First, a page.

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H is for Hungerford Bridge #AtoZChallenge — 2 Comments

  1. I think we walked that bridge on the way to the London Eye while I was a parent volunteer accompanying a school trip a good few years ago now. Lovely to see it again. I hadn’t realised that some areas of our capital city were named by insistence of the Pope. I guess that’s what you mean. Perhaps it’s one of the ways ‘cardinal sins’ is one of very few phrases in majority English/British language mentioning the word ‘cardinal’. Unless of course you mean a primordial sense of direction, ie. a natural sense of direction. Hopefully outlouding my thinking isn’t offensive to any others’ religious faith. It was a very interesting moment of my reading this post and attempting to decipher meaning. I’m very happy to caught up with reading your A to Z posts Joy.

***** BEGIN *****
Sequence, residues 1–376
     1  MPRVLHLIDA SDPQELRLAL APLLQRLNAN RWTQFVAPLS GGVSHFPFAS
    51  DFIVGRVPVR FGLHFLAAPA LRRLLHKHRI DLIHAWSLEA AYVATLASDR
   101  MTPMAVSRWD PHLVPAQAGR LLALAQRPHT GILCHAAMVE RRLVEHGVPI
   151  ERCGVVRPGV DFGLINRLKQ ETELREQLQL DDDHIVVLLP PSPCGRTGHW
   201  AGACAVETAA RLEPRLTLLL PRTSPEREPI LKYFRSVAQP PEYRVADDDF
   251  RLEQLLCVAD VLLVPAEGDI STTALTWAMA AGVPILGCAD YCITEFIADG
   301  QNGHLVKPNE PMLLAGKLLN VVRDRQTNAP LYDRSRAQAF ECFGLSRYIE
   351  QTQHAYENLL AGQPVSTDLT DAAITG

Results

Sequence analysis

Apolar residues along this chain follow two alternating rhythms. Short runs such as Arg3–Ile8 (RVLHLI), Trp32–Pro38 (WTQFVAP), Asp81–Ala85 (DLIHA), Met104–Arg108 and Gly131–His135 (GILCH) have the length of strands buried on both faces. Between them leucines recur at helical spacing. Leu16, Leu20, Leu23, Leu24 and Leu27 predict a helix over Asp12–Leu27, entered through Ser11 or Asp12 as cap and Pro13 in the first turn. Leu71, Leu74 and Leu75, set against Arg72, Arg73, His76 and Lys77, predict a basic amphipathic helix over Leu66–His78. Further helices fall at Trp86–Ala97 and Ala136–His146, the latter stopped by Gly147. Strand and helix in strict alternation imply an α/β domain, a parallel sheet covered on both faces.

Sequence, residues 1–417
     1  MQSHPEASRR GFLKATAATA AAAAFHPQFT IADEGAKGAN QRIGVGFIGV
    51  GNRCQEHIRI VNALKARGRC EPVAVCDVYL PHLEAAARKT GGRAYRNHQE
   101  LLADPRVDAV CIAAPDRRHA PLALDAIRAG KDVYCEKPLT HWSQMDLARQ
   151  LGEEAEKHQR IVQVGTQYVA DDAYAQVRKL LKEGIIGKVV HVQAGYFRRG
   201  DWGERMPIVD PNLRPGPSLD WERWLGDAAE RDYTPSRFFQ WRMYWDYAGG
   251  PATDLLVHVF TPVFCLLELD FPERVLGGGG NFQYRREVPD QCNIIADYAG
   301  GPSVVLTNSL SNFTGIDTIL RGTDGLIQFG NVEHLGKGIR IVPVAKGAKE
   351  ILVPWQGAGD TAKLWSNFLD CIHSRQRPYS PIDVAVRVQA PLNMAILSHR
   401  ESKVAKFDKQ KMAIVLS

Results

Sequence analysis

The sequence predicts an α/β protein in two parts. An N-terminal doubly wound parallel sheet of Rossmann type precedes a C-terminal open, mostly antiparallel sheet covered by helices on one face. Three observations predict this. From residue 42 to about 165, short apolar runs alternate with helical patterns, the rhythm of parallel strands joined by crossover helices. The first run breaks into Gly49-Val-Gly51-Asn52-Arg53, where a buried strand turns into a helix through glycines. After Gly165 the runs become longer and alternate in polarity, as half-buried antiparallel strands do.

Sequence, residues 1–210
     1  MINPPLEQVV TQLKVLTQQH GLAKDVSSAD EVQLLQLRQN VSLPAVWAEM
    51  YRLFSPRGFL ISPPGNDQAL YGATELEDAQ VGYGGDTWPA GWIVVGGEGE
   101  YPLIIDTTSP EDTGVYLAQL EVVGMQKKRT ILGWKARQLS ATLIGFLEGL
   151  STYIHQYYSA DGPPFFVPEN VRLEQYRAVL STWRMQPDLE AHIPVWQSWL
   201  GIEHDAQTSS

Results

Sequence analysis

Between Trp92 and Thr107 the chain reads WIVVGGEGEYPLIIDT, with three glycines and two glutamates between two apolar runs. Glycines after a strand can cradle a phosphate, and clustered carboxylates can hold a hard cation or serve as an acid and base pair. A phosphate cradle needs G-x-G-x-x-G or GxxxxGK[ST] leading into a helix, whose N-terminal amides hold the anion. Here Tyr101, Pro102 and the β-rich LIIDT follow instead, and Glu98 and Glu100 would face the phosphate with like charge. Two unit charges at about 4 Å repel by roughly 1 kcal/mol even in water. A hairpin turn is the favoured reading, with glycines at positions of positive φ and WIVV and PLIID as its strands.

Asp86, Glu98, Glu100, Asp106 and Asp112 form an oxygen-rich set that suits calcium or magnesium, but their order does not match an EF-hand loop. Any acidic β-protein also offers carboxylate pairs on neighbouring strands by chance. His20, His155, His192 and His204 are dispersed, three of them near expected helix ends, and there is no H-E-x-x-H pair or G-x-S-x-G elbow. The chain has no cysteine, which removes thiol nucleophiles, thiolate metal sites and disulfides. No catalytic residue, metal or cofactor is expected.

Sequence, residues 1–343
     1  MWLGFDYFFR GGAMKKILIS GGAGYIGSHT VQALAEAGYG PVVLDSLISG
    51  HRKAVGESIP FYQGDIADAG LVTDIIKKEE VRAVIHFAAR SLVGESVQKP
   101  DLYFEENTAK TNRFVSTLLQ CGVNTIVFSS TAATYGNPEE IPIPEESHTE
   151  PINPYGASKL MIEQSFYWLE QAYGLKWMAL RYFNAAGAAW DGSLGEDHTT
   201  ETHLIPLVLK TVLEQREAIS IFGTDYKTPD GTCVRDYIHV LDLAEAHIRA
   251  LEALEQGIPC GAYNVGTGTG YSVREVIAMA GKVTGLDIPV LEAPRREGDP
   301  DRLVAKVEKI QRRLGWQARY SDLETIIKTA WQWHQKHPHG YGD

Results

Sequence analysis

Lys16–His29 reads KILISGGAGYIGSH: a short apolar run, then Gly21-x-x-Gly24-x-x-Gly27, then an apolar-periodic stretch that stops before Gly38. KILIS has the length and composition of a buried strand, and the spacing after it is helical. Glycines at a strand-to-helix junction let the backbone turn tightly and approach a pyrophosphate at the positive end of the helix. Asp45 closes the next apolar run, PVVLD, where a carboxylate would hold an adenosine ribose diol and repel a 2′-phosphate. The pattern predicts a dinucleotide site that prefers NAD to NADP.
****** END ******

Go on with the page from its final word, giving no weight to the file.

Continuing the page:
• The cardinal directions are the four points of the compass — north, east, south, and west.

      Why are they called that? I had to look that up in the Oxford English Dictionary. It turns out it comes directly from Latin. Used as an adjective, cardinal means “chief,” but of abstract things — “on which something else hinges or depends, fundamental; chief, principal.” The cardinal directions are the four chief directions — the two poles and the places of sunrise and sunset.

      The noun form seems to have derived from the adjective — so, important personages in the church became cardinals.

      In a later usage, because cardinals in the church wear bright red hats, we have a common bird in North America called a cardinal because of it’s bright red plumage and a lovely flower Lobelia cardinalis, commonly called cardinal flower, that is bright red.

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